A minute past midnight, Walker called for legislators to return to Juneau on Monday.
How the state will pay for the spending plans remains uncertain.
How the legislature and Gov. Bill Walker handle a plan could have big implications on Alaskans’ Permanent Fund dividends.
Oil industry advocates say the bill would devastate the state’s economy by discouraging investment.
Some legislators have raised the option of closing the state’s budget deficit by spending Permanent Fund earnings.
The House passed the amendment that rewrote the bill with the minimum votes required, 21-16.
Walker also pushed back against a different legislative proposal to draw money from Permanent Fund earnings to cover the state’s $4 billion deficit.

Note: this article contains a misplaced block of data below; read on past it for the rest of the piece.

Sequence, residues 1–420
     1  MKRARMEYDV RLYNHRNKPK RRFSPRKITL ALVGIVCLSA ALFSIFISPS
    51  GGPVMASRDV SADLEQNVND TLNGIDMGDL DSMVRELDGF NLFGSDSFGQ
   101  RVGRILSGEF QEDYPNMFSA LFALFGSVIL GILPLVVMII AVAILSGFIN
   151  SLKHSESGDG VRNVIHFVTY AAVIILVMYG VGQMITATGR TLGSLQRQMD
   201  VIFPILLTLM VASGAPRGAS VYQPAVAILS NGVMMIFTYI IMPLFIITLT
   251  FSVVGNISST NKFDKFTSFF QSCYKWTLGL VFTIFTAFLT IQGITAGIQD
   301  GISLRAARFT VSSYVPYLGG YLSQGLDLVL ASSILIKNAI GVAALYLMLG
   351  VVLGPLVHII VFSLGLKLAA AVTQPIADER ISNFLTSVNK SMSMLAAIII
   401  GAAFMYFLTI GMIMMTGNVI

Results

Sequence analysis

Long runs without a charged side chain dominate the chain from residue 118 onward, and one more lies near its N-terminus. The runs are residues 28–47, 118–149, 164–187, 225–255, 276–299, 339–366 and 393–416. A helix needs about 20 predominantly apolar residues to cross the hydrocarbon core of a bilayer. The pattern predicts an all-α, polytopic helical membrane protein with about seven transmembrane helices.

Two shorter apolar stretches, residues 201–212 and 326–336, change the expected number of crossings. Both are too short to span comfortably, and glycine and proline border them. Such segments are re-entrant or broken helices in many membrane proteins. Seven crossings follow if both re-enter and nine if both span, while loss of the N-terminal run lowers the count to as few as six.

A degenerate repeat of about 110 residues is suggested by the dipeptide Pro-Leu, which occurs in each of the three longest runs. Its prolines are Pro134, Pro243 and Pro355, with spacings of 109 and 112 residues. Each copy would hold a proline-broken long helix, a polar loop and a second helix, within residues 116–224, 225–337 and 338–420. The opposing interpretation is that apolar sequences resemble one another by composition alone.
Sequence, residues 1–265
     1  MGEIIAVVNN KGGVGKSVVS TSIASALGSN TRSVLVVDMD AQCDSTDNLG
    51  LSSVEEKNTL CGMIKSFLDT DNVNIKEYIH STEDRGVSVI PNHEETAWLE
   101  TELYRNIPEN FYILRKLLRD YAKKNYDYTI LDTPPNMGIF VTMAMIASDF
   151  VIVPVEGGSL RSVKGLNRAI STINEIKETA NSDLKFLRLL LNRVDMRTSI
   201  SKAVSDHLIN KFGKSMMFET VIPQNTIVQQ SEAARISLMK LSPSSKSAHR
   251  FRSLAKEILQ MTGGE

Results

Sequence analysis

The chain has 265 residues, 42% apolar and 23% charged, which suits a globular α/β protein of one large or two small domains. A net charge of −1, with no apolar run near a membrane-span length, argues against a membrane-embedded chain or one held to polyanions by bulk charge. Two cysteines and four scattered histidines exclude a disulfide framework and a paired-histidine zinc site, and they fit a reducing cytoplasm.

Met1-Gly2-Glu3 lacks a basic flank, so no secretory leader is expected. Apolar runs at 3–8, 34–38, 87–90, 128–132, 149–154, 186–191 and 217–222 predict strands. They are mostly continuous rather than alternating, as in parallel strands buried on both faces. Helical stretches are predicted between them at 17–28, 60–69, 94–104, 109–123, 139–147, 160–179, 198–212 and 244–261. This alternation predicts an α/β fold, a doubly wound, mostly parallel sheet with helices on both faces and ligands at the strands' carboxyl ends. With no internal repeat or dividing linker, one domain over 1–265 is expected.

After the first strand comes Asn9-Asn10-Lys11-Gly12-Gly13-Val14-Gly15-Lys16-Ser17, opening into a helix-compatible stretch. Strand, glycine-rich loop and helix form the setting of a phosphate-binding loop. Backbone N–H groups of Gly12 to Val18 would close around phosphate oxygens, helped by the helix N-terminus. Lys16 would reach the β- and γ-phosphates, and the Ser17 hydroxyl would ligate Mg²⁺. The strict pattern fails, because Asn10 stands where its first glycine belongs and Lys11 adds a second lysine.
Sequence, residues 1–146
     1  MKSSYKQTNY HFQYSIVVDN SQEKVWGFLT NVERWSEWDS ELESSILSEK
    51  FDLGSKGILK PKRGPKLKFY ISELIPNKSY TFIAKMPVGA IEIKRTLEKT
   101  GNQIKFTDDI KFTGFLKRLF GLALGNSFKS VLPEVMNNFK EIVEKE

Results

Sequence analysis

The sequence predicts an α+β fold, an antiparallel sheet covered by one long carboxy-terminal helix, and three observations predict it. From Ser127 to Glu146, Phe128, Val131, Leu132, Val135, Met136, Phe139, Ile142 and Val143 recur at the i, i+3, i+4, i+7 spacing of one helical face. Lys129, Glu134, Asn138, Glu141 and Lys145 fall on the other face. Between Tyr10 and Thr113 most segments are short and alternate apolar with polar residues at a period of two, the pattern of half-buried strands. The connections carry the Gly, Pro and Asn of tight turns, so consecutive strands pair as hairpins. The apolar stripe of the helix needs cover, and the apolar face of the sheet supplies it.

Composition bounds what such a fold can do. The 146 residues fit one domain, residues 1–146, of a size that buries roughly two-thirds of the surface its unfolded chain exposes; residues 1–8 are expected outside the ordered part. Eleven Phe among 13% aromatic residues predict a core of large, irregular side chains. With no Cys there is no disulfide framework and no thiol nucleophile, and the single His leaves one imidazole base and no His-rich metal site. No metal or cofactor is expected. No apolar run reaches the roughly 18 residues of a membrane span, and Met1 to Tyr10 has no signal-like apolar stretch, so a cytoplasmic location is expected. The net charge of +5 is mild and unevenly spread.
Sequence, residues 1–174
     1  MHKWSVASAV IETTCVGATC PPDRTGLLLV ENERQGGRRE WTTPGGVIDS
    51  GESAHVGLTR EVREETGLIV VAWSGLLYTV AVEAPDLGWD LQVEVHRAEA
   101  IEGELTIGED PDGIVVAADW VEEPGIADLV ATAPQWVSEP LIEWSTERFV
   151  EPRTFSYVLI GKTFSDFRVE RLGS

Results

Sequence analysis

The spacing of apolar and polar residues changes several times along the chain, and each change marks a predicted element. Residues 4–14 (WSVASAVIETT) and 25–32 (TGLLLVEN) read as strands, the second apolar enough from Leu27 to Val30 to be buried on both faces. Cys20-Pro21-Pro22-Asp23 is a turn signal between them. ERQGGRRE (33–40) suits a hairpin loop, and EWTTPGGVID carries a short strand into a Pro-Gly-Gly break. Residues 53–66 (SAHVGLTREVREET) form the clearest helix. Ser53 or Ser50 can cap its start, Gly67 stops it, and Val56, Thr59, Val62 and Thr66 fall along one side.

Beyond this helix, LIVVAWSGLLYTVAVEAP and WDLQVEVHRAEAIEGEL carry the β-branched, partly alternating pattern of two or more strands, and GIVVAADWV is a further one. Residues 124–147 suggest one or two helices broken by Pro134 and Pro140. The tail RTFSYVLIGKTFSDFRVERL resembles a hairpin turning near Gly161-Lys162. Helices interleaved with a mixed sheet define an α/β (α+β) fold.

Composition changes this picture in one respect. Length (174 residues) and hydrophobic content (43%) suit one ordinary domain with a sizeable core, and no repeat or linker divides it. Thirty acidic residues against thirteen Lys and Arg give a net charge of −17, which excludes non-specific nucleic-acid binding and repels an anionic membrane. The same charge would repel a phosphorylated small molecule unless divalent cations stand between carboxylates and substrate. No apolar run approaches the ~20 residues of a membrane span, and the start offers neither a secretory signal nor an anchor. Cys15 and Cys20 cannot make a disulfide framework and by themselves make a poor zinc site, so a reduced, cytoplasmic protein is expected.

Senate Bill 91 would allow some low-risk nonviolent offenders to avoid jail time.
State budget director Pat Pitney warned that shorting the Kivalina school project could reopen lawsuits about inequalities in rural school funding.
The House Rules Committee released its version of House Bill 247, which scales back tax credits for oil and gas industry, on Thursday.